5) A seller has only one chance to make a first impression (so many sellers are too lazy to detail/clean whatever they're trying to sell, that it's laughable)


    .
    Last edited by pietro; 06-19-2017 at 10:04 PM.
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  7. #7
    Boolit Master
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    IMHO, investing in firearms has similarities to investing in the stock market. Unless your knowledge is broad and current, don't invest in cheap guns or "penny stocks". Put your money into firearms with proven collector value or in the case of the stock market, "blue chip stocks".
    A well regulated militia, being necessary to the security of a free State, the right of the People to keep and bear arms *shall not be infringed*.

    "The greatest danger to American freedom is a government that ignores the Constitution."
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  8. #8
    Boolit Master

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    If you bought a firearm at a fair price and kept it in good condition, you will get a fair return. Those who bought AR's at inflated prices after the massacres, won't fair very well at all. There are base model finished rifles available for less than $550.
    Better rifles with better components, more money.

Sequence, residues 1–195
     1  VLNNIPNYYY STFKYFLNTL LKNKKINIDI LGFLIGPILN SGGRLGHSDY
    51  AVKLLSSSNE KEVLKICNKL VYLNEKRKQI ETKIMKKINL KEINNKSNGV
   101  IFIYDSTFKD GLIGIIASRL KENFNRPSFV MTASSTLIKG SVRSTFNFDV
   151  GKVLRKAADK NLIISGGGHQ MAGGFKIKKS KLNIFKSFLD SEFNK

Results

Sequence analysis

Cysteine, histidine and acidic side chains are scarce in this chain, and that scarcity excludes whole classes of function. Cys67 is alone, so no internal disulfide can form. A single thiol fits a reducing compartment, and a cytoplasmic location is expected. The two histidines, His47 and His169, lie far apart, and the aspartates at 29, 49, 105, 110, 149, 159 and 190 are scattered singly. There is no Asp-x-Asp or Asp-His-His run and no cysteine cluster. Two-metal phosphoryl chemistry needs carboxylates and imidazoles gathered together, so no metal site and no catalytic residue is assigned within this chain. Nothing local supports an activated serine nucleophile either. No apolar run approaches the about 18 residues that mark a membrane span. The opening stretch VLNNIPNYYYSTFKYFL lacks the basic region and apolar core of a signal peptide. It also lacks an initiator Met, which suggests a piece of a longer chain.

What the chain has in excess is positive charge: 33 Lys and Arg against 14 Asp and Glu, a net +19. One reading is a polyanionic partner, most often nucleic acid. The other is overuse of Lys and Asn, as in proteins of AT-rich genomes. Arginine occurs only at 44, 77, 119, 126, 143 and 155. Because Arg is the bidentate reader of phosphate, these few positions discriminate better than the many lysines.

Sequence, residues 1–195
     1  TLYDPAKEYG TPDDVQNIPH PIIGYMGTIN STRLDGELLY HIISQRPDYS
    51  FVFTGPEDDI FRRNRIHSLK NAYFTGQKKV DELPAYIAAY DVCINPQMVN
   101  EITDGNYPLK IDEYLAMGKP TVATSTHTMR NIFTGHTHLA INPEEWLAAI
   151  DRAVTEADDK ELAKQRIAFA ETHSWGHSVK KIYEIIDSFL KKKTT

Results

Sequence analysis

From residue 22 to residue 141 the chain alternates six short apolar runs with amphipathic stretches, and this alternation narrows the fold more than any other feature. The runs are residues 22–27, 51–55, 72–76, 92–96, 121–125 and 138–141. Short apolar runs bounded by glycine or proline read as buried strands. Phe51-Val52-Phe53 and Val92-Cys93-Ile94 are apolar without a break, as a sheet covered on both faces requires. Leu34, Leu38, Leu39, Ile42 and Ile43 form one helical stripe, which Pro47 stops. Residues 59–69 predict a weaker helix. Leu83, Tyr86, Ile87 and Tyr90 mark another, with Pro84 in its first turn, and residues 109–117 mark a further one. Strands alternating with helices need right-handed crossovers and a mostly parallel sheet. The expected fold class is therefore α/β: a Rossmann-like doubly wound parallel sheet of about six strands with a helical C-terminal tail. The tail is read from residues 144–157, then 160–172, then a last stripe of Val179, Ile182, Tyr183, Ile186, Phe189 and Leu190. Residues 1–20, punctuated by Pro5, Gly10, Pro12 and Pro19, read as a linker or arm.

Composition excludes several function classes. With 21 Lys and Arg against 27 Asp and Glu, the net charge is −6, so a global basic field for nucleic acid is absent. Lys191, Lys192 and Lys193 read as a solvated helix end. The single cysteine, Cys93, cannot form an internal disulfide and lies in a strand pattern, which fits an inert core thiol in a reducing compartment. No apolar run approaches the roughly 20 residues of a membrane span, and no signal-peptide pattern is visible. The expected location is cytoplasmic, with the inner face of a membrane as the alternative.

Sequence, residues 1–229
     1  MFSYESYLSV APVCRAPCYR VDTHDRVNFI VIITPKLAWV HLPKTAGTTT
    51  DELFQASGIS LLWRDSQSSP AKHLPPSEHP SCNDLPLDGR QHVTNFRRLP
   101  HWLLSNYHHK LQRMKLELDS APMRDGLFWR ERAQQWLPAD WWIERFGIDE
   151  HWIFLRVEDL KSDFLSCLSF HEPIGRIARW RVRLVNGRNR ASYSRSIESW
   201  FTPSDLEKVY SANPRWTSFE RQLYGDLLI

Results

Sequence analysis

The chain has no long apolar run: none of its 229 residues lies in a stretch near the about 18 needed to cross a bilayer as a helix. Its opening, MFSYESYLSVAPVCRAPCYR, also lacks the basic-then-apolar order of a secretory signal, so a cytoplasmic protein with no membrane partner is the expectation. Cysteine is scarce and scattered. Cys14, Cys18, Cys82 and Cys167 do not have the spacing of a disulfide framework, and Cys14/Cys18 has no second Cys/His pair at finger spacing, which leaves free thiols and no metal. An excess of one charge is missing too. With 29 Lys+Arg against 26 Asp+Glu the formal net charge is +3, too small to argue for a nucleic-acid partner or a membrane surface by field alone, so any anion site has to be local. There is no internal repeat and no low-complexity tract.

Shiloh
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  9. #9
    Boolit Master
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    I would say all spot on.
    Buy for pleasure or utility but don't expect a Ford Escort to hold value the way a similar aged Lincoln will.

    If it was rode hard and put up wet and shows it that reduces value.

    Market for highly customized items or specialty items is smaller, so prices will tend lower. Yours won't sell for full price as long as others are willing to take a loss. Also a lot of the custom market wants it to be custom "their way" not yours.

    Utility and known quality are going to hold value with proper care. Like a Ford F-150 pickup, used in good condition it prices against what a new truck of similar capability costs. They depreciate but have a floor. A Mossberg 500 12 gauge used is worth less than new, but if you hold it long enough new price rises $100 and that pulls your used price up too.

    For crying out loud pay attention to that bit about cleaning and detailing! I once had a muzzle loader in my hands it was one of those utility Thompson hunters, price was good, body fair, looked down the barrel and it was fuzzy with fine rust. Seller said it was all surface rust and would clean up easy, I said no thanks! I figure if it would clean up easy and look good the seller would have done it.
    Je suis Charlie
    Scrap.... because all the really pithy and emphatic four letter words were taken and we had to describe this way of getting casting material somehow.
    Feedback page http://castboolits.gunloads.com/show...light=RogerDat I do trade a bit from time to time.

  10. #10
    Boolit Man